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With the recent health crisis, it’s a good time to talk about the keto diet and the immune system. Is keto good or bad for the immune system? I compiled my research from the CDC and scientific papers, including how keto may affect the immune system, as well as ways to boost your immune system and reduce your chances of getting sick.
Note: While the statements here are based on scientific research with references, always follow recommendations from your doctor and the CDC.
Does Keto Boost Your Immune System?
We are still early in the process of studying the benefits of keto for the immune system, but so far results look promising:
1. Keto may improve your ability to fight the flu.
In 2019, a study at Yale University found that “mice fed a ketogenic diet were better able to combat the flu” and “had a higher survival rate” compared to those fed a high-carbohydrate diet. The explanation was that keto triggered release of immune system cells (called gamma delta T cells) that produce mucus in the lung cell linings and effectively trap viruses. While there has not yet been a study on humans to confirm this works the same way for people, the researchers behind the study think there’s a good chance it could. [*]
2. Keto can improve nutrient intake (if done right).
Nutrition is a critical determinant of our immune response. In fact, deficiency in even a single micronutrient can hinder our immune systems. [*]
And since micronutrients – especially vitamins A, C, D, E, B2, B6, and B12, folic acid, iron, selenium and zinc – have been shown to be critial for immune system function [*, *], it stands to reason that a whole-foods-based keto lifestyle will do so as well. Some of these vitamins and minerals are found predominantly in meat, a staple on the keto diet.
Of course, there are many ways to do keto (as with almost any dietary lifestyle), but the most beneficial way will focus on whole foods – low carb vegetables, healthy fats, meat, and eggs, with a few nuts, dairy, and berries thrown in. This food combination is nutrient-dense and should include all the necessary micronutrients to boost your immune system.
3. Keto effectively reduces obesity.
Obesity carries a number of risks, one of them being an increased risk of infection, especially respiratory tract infections [*]. Since the keto diet has been shown to be safe and effective in reducing obesity in the long term [*, *], the logic follows that the weight loss will carry over the benefits to reduce infection risk as well.
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Can Keto Make You Sick?
No, keto can’t cause you to catch an infection. You’d have to be exposed to one and that’s independent of your diet, though what you eat can impact your immune response and how effectively you can fight it off. As mentioned above, so far evidence looks promising that a ketogenic diet can actually help.
However, some people wondering whether keto can make you sick are really asking about the keto flu, a set of symptoms some people experience when starting keto. Keto flu is not actually an infection, not contagious, and preventable. Read more about how to prevent keto flu here.
If you’re trying to prevent getting sick in general, here is what to do instead, as recommended by the CDC and the scientific community…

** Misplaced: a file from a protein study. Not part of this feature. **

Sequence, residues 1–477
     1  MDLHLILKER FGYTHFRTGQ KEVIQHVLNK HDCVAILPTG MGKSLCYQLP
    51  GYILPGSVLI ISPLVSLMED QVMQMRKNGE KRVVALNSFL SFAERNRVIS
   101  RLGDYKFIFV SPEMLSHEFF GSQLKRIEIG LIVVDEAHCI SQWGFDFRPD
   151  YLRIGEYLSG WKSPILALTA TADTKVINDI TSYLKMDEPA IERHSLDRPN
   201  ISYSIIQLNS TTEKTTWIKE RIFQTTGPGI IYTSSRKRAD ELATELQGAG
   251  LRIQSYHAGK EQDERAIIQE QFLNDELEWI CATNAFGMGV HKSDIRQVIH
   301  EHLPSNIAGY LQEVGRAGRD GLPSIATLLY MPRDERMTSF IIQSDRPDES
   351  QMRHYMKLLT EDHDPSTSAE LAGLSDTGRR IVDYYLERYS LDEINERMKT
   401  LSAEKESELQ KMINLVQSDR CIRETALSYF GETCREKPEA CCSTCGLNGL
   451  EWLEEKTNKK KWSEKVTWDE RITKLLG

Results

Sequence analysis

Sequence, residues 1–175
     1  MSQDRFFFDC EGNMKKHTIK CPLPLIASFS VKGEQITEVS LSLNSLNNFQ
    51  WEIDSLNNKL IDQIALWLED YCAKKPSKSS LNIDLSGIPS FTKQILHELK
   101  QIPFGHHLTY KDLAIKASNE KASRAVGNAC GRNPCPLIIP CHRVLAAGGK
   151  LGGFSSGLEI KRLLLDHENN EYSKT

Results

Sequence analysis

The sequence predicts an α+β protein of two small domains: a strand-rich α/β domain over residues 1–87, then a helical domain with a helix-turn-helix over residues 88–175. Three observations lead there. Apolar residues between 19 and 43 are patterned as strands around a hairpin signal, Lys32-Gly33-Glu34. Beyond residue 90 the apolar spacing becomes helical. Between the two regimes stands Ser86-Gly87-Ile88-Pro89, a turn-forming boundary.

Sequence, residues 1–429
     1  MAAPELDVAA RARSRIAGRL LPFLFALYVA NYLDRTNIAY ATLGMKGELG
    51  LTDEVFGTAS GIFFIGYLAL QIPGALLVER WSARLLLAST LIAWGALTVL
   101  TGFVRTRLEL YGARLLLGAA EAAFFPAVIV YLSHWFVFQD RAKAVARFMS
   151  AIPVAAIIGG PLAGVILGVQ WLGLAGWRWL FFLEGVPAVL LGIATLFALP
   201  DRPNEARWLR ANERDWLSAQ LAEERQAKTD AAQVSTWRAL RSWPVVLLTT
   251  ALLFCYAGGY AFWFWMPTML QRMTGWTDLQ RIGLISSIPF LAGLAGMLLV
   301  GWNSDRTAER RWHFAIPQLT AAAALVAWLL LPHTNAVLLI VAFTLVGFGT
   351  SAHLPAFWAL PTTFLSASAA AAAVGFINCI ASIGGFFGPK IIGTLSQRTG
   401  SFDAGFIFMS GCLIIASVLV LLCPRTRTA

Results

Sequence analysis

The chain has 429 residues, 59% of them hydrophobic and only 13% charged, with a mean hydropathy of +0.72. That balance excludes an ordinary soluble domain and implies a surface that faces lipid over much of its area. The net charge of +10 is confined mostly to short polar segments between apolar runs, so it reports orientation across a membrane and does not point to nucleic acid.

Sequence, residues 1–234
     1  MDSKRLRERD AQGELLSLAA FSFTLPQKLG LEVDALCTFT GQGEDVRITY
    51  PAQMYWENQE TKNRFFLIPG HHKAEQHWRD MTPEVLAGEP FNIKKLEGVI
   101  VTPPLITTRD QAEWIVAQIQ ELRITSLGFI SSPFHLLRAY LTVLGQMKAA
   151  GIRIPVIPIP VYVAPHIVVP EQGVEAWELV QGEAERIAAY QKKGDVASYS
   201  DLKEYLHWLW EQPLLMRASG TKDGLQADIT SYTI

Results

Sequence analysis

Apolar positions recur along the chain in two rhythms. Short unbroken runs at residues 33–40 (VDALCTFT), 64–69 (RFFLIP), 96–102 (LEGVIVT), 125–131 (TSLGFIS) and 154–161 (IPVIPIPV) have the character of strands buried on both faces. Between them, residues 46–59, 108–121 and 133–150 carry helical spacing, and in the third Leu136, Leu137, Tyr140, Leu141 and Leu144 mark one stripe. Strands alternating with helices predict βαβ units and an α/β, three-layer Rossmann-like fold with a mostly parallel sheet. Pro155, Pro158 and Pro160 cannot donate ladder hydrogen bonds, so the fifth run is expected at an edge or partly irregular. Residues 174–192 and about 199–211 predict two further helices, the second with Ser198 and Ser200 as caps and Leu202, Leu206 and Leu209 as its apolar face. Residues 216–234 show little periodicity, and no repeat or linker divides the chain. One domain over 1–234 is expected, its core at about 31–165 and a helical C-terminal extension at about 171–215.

Top 10 Ways To Prevent Getting Sick
While it’s not always possible to avoid getting sick, there are things you can do to reduce your chances significantly.
The following are recommendations from the CDC and/or those backed by scientific studies. Some of these you may already know, but a refresher can be a good thing to stay on track.
1. Wash your hands well and correctly.
This is the single best way to reduce your chance of contracting and spreading illness. And it turns out, most people have been washing our hands “wrong”, or at least not for long enough.
The CDC and Mayo Clinic recommend washing your hands for at least 20 seconds (long enough to sing the happy birthday song twice) and lather thoroughly, including the backs of your hands, between your fingers, and underneath your fingernails.
Don’t bother with antibacterial soaps. They won’t protect against viruses anyway, and have been proven no more effective than regular soap against bacteria. [*]
2. Don’t touch your face.
- Be aware and pay attention. It’s not perfect, but can at least reduce how often you touch your face.
- Keep your hands busy. Trinkets or just folding your hands are a couple of ways to do it.
- Some people wear gloves (any kind!), so that they notice it more if they touch their face.
3. Use hand sanitizer when you can’t wash your hands.
Soap and water is the most effective way to remove all types of germs, from viruses to bacteria to chemicals, but when that’s not an option, hand sanitizers are the next best thing.
According to the CDC, hand sanitizers should have at least 60% alcohol content to protect against viruses. Keep them out of reach of children or pets, because they can cause alcohol poisoning when even small amounts are swallowed. [*]
Even though there is a hand sanitizer shortage at the time of this writing, this hand sanitizer gets great reviews when in stock and has 63% alcohol, as recommended by the CDC. This list of hand sanitizers is still available right now and they contain alcohol per CDC recommendations.
4. Clean and disinfect surfaces.
This includes doorknobs, light switches, remote controls, handles, tabletops, toilets, sinks, and other surfaces that are touched frequently. It’s also a good idea to disinfect your cell phone after you get home from being out.
Use disinfecting wipes or disinfectant spray. If you can’t get your hands on these or want a cheaper option, the CDC recommends a bleach solution of 1/3 cup bleach per gallon of water [*]. Never mix bleach with anything except water, especially not ammonia.
5. Don’t be around and avoid sharing items with people who are sick.
This one sounds obvious, but stay home if you are sick, and reschedule plans with others who have symptoms of illness.
If you or someone in your family is sick, avoid sharing toothbrushes (which is always the case), towels, eating utensils, drinking glasses, etc.
6. Get enough vitamins and minerals.
Vitamins and minerals are essential for immune function, especially vitamins A, C, D, E, B2, B6, and B12, folic acid, iron, selenium and zinc. [*, *] You can (and should!) get these micronutrients from a balanced, whole foods based keto lifestyle.